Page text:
The Triton Series: The Dirty Adepts
by Ivel T. Kratz

"I’ve become accustomed to the stillness between my mother and I, almost fond of the way it skims in and out of the walls like wind through our house’s bones."

Struggling to come to terms with her father's death and her mother's emotional distance, Grey is already unraveling when an unrelated tragedy strikes in the small town of Marblehead. She can't stop picturing it—the murder of Beatrice, a young girl she knew who was left dead and mutilated in the woods. Grey becomes increasingly isolated when she finds out about her mother's secret love affair. It emerges that she is also estranged from her boyfriend and best friend—betrayed again by clandestine romance. She floats through a half-life as she grieves and rages, and strange abilities begin to blossom. Unable to sleep or eat, she struggles to understand why these terrible things happened and to accept the truth of her own involvement. When a mysterious faction begins to hunt her, she realizes she is more powerful than she could have imagined.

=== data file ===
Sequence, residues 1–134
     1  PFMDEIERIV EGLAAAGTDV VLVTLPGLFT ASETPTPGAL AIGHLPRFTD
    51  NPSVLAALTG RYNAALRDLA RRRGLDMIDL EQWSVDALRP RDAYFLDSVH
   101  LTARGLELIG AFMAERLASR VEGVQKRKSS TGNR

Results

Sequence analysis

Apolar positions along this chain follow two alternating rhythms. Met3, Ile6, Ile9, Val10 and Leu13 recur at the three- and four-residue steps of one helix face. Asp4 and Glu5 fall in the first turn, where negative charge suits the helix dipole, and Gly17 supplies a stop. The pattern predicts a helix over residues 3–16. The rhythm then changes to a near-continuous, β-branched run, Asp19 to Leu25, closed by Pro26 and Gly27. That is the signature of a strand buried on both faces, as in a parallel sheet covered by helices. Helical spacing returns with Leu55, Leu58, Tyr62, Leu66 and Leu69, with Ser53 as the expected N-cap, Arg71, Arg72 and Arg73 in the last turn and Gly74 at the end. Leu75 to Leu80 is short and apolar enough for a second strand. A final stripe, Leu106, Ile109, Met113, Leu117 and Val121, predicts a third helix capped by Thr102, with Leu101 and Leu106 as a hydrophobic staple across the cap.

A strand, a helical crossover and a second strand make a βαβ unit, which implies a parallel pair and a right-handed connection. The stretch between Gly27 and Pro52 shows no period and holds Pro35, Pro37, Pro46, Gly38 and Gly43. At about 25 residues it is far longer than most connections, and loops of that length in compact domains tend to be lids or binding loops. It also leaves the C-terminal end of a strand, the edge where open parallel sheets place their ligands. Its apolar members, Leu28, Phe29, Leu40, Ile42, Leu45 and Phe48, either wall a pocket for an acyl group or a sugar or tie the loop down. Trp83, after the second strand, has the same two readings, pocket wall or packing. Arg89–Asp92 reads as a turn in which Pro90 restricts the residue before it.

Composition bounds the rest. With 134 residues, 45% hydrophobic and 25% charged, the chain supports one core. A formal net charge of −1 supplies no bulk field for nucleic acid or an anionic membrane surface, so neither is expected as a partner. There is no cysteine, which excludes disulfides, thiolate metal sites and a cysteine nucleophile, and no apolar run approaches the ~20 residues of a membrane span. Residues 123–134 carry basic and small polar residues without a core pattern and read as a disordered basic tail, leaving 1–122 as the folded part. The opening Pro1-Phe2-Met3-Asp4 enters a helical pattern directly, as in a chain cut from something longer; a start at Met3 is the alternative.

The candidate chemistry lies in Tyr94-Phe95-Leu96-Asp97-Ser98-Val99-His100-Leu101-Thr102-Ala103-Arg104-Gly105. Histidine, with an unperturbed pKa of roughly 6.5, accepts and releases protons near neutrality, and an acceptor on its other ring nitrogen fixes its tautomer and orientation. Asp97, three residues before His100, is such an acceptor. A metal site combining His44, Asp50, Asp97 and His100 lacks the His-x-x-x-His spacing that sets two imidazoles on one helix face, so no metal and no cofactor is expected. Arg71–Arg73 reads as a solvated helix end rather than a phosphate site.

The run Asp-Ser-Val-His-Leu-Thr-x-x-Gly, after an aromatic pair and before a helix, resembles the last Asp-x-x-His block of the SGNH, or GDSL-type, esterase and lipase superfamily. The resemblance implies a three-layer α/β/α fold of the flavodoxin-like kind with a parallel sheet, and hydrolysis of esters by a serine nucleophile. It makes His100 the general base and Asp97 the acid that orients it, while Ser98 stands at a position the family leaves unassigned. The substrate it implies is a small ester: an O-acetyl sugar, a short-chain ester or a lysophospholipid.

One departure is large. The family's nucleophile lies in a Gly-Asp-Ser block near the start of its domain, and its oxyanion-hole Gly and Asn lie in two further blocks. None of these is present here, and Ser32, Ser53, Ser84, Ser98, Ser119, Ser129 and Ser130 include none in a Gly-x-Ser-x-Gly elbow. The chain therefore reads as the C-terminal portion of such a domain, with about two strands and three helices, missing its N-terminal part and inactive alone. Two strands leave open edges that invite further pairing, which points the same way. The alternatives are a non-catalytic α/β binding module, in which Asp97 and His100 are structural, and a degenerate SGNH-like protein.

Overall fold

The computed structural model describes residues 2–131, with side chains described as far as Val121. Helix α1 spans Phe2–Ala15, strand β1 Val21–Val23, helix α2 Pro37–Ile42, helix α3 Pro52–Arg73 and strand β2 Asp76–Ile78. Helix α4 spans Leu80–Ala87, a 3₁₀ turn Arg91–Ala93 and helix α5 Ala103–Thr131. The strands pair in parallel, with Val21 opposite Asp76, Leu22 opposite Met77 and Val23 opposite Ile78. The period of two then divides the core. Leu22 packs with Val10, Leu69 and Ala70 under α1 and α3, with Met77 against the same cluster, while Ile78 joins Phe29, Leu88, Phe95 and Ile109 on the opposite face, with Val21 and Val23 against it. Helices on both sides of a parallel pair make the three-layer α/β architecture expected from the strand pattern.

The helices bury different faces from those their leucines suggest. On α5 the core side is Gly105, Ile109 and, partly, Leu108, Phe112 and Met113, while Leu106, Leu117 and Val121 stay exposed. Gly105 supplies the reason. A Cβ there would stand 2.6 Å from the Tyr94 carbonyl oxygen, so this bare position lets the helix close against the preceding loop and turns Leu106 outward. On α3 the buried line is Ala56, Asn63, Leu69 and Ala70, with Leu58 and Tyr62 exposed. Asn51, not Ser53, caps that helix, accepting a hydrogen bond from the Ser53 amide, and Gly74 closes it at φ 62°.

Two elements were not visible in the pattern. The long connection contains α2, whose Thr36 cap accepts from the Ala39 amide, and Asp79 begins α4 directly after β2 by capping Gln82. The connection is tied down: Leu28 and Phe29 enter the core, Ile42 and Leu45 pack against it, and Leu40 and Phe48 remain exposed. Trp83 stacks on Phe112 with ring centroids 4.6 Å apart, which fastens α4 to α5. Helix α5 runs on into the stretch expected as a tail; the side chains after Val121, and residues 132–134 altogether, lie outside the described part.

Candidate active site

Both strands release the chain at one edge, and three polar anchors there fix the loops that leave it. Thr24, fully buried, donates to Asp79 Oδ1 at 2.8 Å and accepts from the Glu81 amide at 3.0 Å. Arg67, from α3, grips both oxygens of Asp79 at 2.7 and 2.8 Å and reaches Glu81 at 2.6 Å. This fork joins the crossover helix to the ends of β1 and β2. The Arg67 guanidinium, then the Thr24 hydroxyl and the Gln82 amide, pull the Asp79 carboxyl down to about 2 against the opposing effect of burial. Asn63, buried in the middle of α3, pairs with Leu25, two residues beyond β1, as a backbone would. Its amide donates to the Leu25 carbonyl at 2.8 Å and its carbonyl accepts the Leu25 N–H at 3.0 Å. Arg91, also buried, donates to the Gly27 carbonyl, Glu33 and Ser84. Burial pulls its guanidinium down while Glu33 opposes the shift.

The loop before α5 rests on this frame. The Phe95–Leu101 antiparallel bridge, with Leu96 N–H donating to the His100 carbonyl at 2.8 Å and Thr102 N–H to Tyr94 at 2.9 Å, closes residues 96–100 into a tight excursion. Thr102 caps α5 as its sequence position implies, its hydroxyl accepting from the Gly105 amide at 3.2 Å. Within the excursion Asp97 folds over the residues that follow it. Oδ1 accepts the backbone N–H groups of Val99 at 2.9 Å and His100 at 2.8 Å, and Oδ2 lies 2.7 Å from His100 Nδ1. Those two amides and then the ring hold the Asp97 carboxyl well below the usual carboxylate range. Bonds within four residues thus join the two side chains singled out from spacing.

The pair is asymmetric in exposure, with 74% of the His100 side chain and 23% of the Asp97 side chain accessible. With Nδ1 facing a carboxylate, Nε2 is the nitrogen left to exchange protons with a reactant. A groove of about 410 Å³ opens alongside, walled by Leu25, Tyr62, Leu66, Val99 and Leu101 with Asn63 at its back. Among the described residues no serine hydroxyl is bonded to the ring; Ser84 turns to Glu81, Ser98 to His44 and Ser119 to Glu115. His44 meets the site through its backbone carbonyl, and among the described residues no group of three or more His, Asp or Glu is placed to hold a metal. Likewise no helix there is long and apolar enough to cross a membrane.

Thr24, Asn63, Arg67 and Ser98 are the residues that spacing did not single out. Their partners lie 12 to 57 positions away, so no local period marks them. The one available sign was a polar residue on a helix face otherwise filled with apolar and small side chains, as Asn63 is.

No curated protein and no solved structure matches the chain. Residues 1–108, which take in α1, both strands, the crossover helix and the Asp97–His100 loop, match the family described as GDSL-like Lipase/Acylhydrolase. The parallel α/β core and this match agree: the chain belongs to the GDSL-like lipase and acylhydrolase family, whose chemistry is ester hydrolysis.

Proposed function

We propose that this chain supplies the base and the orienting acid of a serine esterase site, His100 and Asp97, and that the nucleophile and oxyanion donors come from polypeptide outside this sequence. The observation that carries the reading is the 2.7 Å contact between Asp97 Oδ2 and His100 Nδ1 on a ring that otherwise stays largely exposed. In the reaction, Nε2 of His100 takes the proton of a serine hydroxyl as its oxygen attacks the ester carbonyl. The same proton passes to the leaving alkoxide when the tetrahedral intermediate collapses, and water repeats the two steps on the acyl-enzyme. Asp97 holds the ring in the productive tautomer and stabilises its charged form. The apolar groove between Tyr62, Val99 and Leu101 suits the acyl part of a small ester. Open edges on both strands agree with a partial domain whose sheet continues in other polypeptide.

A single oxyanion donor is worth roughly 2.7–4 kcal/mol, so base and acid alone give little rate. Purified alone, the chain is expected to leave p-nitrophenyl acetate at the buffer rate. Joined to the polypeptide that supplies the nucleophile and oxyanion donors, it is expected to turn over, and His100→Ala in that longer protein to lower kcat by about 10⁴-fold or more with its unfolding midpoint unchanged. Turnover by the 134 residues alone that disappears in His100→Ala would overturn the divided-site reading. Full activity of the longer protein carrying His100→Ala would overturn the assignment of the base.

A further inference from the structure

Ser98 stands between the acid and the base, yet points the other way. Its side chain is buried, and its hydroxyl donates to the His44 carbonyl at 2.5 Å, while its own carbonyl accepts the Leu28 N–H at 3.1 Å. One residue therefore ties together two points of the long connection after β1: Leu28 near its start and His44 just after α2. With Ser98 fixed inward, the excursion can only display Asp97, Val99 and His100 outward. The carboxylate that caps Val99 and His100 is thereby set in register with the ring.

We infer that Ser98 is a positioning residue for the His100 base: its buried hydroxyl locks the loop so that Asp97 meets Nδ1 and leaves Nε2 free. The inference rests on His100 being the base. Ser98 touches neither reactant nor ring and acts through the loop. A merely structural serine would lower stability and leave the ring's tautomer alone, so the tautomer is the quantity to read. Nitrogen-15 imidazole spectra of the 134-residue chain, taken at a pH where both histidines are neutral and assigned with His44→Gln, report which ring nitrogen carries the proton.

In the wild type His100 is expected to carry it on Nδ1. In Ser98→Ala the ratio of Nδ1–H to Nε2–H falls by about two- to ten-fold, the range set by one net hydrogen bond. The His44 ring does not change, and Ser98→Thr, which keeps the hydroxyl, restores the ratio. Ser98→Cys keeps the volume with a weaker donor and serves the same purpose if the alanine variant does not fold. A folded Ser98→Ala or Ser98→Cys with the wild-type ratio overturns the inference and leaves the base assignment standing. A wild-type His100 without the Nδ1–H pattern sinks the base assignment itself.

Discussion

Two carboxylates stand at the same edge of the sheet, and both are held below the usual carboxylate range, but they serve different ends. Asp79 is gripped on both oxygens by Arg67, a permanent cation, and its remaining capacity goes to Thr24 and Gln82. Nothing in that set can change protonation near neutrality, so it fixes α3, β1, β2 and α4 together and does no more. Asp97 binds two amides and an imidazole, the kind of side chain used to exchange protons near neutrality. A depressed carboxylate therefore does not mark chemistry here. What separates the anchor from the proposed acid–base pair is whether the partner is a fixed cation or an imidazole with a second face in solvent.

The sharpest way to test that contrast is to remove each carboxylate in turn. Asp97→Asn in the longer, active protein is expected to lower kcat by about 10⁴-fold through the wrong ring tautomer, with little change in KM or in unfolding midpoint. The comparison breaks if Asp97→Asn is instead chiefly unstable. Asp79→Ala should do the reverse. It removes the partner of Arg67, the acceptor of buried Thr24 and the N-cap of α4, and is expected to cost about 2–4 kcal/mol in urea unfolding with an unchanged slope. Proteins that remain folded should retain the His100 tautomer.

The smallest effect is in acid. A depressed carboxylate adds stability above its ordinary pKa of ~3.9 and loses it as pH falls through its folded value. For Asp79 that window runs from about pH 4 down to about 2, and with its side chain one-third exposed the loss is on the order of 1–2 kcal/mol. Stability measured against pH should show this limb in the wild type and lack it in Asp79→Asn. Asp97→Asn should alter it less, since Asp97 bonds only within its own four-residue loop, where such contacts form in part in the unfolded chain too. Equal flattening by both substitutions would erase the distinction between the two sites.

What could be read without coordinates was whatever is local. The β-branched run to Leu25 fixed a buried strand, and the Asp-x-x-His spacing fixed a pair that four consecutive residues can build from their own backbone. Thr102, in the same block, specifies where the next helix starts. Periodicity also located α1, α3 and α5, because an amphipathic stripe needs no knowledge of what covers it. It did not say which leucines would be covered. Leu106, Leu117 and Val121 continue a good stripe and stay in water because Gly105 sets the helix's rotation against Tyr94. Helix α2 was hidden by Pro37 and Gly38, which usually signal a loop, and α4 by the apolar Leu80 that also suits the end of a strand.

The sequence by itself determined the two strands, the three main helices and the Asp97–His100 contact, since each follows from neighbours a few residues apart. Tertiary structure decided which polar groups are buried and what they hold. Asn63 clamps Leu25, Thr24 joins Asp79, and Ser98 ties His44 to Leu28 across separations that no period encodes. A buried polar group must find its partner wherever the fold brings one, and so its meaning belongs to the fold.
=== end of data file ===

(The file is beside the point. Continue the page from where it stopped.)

Through vivid metaphor and highly original use of language, the author's twisting sentences convey an intimate sense of what it is like inside nineteen-year-old Grey's mind. The narrative twists and turns as well, weaving a non-linear web of despair and revelation as the story unfolds. It is easy to be swept along in the tide of emotion just like Grey, the lyrical flow occasionally punctured with sharp wit or the sting of violence. The story may be overwhelmed by the style for some readers, and a second pass for grammar and spelling mistakes would be useful. However, gothic and supernatural fiction fans will likely enjoy this intriguing tale.

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